A Stowe Photographer’s Day in the Life: Fall EditionSeptember 10, 2019
by SCOTT BRAATEN
Although it comes and goes faster than any other season, fall in Stowe, Vermont is simply magic. It starts with the first chilly evening of the season and smell of burning wood in the air, followed by majestic mountains and rolling hillsides transforming from summer greens to a kaleidoscope of fall colors—orange, crimson and gold. As a local photographer, it’s really easy to capture Stowe’s natural beauty. I enjoy spending a lot of time outdoors as an avid hiker in Stowe for 18 years. My dog Sasha and I like to explore quiet pockets that show the very unique exquisiteness this town and mountain have to offer—especially in the fall. Fall is fleeting. Peak foliage is usually condensed into a two-week period. You can rarely plan for it exactly, and you need to get out and take advantage of it, because in a moment it’s gone.
With a long “prime foliage” window, though, visitors are bound to catch a glimpse whenever they travel here. A benefit of Stowe’s diverse terrain and topography is that you can catch peak foliage in different places at different times. The higher elevations including Mt. Mansfield often peak sooner than the historic village. As an independent photographer for Stowe Mountain Resort, you’ll often find me scouring Mt. Mansfield for the best shots. This is the fifth year since the ZipTour Adventure made its way to Stowe, and it’s been a game changer. The experience of zipping through the trees and seeing that medley of rich fall color is unlike any other. While you’re up Mountain Road, a drive through “the Notch” can offer gorgeous fall colors around every winding turn.
In town, you can find breathtaking autumn views when looking down the peak of the Pinnacle hiking trail, or in Stowe Hollow where you can get lost in a long back roads drive among the foliage. Keep an eye out for Emily’s Bridge. This is not your ordinary covered bridge. According to legend, a young woman named Emily died there of heartache, and people have since recorded paranormal experiences at the bridge. The bridge, also known as the Gold Brook Covered Bridge, is especially eerie during the early hours of a frosty fall morning.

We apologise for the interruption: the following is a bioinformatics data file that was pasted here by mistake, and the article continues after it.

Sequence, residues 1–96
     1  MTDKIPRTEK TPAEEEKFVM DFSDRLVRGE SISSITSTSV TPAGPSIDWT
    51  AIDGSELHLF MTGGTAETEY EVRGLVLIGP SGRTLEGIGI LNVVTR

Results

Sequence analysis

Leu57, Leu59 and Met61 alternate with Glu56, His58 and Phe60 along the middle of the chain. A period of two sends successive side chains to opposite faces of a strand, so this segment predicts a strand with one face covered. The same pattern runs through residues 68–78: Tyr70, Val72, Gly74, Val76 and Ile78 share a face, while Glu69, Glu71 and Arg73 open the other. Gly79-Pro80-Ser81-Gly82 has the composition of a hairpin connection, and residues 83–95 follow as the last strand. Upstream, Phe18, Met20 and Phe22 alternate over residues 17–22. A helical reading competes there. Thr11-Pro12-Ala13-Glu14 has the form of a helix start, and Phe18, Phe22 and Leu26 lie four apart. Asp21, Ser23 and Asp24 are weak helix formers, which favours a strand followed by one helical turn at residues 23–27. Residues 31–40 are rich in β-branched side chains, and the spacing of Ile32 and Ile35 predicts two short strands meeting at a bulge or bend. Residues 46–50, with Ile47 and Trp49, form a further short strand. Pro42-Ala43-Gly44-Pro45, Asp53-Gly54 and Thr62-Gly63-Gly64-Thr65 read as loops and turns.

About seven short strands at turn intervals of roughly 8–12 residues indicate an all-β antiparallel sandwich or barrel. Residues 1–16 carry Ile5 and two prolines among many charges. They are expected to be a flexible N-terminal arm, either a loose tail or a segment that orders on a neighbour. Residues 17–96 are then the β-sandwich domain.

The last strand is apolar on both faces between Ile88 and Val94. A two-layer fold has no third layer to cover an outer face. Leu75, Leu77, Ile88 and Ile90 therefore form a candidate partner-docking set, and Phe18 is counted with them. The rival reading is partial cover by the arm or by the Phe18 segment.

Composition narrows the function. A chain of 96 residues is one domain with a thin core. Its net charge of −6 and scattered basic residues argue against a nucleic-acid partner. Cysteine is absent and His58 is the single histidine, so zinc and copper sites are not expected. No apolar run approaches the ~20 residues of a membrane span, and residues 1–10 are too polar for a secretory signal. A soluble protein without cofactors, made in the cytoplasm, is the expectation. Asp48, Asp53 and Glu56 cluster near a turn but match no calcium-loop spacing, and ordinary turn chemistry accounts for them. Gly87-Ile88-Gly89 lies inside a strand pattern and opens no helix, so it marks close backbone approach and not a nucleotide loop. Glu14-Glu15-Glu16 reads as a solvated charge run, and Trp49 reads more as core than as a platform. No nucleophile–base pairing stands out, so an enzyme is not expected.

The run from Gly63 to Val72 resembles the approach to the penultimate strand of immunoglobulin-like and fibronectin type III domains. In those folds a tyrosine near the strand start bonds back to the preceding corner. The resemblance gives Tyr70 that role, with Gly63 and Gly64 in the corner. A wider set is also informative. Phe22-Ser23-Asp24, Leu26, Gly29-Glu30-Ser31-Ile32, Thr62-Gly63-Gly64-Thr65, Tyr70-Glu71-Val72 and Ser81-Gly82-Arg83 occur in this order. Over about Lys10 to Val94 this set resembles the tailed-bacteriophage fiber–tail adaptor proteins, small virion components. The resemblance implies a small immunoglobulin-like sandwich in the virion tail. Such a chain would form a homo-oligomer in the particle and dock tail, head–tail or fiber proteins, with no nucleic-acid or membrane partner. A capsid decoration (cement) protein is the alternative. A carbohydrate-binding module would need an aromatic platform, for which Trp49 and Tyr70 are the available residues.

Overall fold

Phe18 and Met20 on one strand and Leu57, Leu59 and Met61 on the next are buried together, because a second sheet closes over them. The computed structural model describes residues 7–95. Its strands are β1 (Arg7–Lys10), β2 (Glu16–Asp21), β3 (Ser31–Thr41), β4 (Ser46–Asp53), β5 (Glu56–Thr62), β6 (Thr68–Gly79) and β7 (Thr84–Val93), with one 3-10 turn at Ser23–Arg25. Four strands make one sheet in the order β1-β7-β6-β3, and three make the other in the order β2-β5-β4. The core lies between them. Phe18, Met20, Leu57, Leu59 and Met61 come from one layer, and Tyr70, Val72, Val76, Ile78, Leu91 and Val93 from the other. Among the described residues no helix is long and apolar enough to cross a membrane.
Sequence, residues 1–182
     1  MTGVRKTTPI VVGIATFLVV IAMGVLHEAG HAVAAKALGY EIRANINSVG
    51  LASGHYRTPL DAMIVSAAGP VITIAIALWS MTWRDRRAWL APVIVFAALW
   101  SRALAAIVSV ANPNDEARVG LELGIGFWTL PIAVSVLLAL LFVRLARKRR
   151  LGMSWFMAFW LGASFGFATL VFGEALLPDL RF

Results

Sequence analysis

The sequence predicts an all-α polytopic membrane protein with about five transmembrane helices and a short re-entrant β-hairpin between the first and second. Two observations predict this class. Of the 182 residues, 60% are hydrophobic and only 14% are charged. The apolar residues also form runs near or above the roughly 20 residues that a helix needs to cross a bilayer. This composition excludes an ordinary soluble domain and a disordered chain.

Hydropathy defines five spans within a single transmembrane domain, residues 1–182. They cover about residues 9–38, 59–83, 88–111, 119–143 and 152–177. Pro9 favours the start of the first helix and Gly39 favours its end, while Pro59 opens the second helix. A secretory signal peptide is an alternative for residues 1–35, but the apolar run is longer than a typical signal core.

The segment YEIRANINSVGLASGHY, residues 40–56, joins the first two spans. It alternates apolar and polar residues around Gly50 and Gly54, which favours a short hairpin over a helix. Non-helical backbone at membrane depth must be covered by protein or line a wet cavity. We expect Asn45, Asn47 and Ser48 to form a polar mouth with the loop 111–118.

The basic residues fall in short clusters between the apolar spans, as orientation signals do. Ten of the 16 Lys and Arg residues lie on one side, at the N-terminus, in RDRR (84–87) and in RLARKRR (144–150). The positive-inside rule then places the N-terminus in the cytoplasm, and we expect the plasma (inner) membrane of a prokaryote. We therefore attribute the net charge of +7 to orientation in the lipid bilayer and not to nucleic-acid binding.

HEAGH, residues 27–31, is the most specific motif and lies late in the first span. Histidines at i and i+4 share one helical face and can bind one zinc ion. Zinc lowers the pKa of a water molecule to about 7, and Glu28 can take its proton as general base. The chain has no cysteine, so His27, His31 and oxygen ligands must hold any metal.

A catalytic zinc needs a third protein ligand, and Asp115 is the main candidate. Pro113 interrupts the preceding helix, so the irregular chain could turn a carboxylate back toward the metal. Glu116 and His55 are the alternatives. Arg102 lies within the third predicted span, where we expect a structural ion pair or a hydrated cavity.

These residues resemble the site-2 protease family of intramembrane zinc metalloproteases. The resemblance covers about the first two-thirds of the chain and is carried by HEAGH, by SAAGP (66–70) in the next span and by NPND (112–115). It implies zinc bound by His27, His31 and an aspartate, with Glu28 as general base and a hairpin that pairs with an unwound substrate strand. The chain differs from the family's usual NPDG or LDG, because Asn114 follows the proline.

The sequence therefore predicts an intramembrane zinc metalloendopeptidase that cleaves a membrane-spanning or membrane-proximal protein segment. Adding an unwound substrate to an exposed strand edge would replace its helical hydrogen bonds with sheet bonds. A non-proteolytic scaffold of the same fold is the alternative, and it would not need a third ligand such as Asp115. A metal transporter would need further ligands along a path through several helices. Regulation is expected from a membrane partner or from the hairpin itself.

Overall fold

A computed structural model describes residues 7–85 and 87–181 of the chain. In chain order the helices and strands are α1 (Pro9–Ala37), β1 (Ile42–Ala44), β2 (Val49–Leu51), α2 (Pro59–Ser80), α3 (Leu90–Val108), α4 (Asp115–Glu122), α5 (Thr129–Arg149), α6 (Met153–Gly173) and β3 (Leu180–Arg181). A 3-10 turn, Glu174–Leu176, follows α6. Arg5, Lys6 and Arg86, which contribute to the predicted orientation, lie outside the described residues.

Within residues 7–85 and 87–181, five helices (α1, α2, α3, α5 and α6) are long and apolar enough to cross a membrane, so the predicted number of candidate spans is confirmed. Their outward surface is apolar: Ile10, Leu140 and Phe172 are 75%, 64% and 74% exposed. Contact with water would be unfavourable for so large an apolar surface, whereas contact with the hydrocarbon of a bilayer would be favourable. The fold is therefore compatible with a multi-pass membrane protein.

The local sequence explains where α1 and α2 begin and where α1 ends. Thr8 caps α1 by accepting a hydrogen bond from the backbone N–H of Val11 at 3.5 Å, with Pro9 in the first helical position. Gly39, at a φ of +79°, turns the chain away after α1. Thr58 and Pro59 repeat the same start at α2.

The best part about fall in Stowe is the amazing energy it brings to our town. When the clouds clear and you see that first look of snow at the top of the mountain, there’s an invigorating energy in the community. Everyone is excited for our first dusting of snow. That is also when the Gondola SkyRide is a really cool experience. It’s fall when you load the Gondola at the base, and winter when you get off at the top. It’s a really unique experience, and kids love it. This powerful energy inspires the people who live here and those who come to visit – from the white church steeple downtown to the peak of Mount Mansfield. This is a ski town after all, and fall is the last step before that time comes.
About the author:
Scott Braaten has lived in Stowe since 2010, and has been in the area since 2003. He is a talented photographer, skier, hiker and the Stowe Mountain Resort snow reporter. Follow him on Instagram at @sbraaten802.